Various weeding tools are available to make the chore a little easier. These include long-handled, foot-operated tools that grip the weeds and allow you to dig up the roots without having to bend down.
The best defense against weeds is a thick, healthy lawn. Keep your property adequately watered, apply fertilizer when necessary, and take steps such as aerating when necessary may be all your lawn needs to stand tall against a weed invasion.
When to apply weed and feed on newly seeded lawn – CANNABISGUIDEUSA.COM (2022)
Growing grass generally doesn’t take an agonizing amount of effort. But cultivating a new lawn requires a certain level of diligence to give grass seed the best chance to germinate and thrive. It is also important for roots to grow deep into the soil in order to form a well-established lawn. In this article I’ll explain when to fertilize new grass so that you can enjoy the best results.
The key benefit of a well-established lawn is that it will be hardy and more resistant to inclement conditions.
Fertilizer provides grass seed or newly germinated grass with concentrated nutrients. While you could introduce fertilizer at any time (or not at all), fertilizing grass at just the right times in the growth cycle can put your grass into “hulk mode” – if you will. The nutrients available in fertilizers also come in varying percentages that can be more beneficial for different stages of growth. Choosing a fertilizer that is too highly concentrated can actually burn your lawn!
Why Should I Fertilize New Grass?
Fertilizers contain essential nutrients that can improve overall soil health in your area. The main nutrients in fertilizer are potassium (K), nitrogen (N), and phosphorus (P). Healthy soil is more resistant to weeds, pests, fungus, erosion, runoff, and patchy grass. Soil that lacks the essential nutrients can be difficult growing medium.
That being said, too much can lead to burning and using the wrong fertilizer can have far-reaching effects on the soil in your area.
When the ground is saturated with the nutrients found in fertilizer, it can end up leaking through to the water table and lead to runoff. Runoff of fertilizer chemicals has been found to be responsible for toxic algae blooms in local ponds and lakes that are harmful to people and pets. For this reason, fertilizers are often highly regulated and often only certain amounts can be purchased at a time.
How to Choose the Best Fertilizer for New Grass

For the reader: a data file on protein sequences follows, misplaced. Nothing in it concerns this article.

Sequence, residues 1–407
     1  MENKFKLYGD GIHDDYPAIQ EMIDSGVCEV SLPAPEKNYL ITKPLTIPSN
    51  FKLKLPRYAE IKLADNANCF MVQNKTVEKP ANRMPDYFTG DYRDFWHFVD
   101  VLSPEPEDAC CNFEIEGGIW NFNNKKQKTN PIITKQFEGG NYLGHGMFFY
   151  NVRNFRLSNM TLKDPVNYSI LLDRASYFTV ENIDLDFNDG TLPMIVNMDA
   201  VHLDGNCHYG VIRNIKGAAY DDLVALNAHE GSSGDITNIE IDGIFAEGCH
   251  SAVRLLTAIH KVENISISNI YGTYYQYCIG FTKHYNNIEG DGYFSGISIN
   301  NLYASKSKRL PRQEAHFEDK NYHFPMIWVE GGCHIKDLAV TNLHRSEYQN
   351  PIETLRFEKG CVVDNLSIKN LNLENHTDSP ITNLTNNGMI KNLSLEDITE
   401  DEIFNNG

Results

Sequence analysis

There are two main types of fertilizer to start with: regular (or slow-release) fertilizer and starter (or quick release) fertilizer. Consider the dietary needs of humans in different age groups: the needs of a baby are far different from an adult.
“Weed and Feed” fertilizers contain herbicides such as corn gluten to prevent weeds from germinating. This is an important fertilizer to take note of and avoid when planting new grass seed because most of these will also prevent your grass seed from germinating!
My Recommended Starter Fertilizer for New Grass
Crabgrass is everywhere in my area, so my favorite fertilizer to use when seeding a new section of lawn is Scott’s Turf Builder Starter Fertilizer + Crabgrass Preventer.
Unlike many other weed and feed products, this fertilizer does not harm new grass as it germinates, but it does (at least in my experience) successfully block crabgrass and other common weeds for 4-6 weeks to give your new grass time to establish itself. One bag goes a long way too.
Understanding The Nutrients in Lawn Fertilizer
There are three main nutrients in lawn fertilizer. Every fertilizer has a different ratio of these nutrients, and these ratios are on fertilizer packaging as a set of three numbers separated by dashes.
The sequence of numbers indicates the amount of nitrogen, phosphorus, and potassium, respectively and are thus known as NPK ratios.
If you see three numbers on a bag of lawn fertilizer, those numbers will be listed in this order:
Nitrogen – Phosphorus – Potassium
A soil test can help you determine what type of fertilizer will best support your lawn’s health, just make sure you buy a kit that goes beyond simple PH levels and measures these three nutrient levels like this one.
What These 3 Key Nutrients Do to Support New Grass
- Nitrogen is important for the leaf growth you see above ground and helps grass look greener.
- Phosphorus is responsible for promoting root growth below the ground and is important for getting a lawn established.
- Potassium prevents disease and makes the grass more resilient.
New grass seeds need a starter fertilizer that has a higher level of phosphorus and nitrogen that is quick-release, thus readily available for the seeds to absorb.
Quick-release nitrogen also helps seeds absorb more potassium. Some areas actually restrict phosphorus usage exclusively to those starting new lawns.
Fertilizer Ratios for Established Lawns
An established lawn thrives best with a fertilizer that is high in nitrogen. Mature lawns don’t really need much potassium or phosphorus, so you will look for a ratio with a large first number and smaller second and third number. For example, a 30-0-0 or a 27-3-3 ratio would be most appropriate for an established lawn that you want to green up and look beautiful.
Starter Fertilizer Ratios for New Grass Seed
A good starter fertilizer for new lawns should be closer to a 21 – 22 – 4 ratio of nitrogen, phosphorus, and potassium, and those nutrients should be quick-release so they’re accessible to your seedlings right away to help your new lawn establish itself as quickly as possible.
Potash commonly found in soil is a source of potassium, so it is common for the levels of potassium in fertilizer to be very low.
When to Fertilize New Grass
It is important to make sure that your soil has the appropriate nutrients for new grass seed prior to dispersing the seed itself.
So, after preparing your soil for seed or sod, the last step before planting is to fertilize the soil with a starter fertilizer. This can be done before you lay seed or sod, or at the same time.
After you apply starter fertilizer, don’t reapply it. The ratios of nutrients can actually be harmful and burn established grass. I recommend using a traditional, nitrogen-rich organic fertilizer 6-8 weeks after planting new grass.
While you may be eager to fertilize again to encourage growth, fertilizing too often is harmful. It can burn your grass, leach into the water table, and more. It’s important to wait a minimum of four to six weeks before another application of fertilizer, and I recommend 6-8 weeks.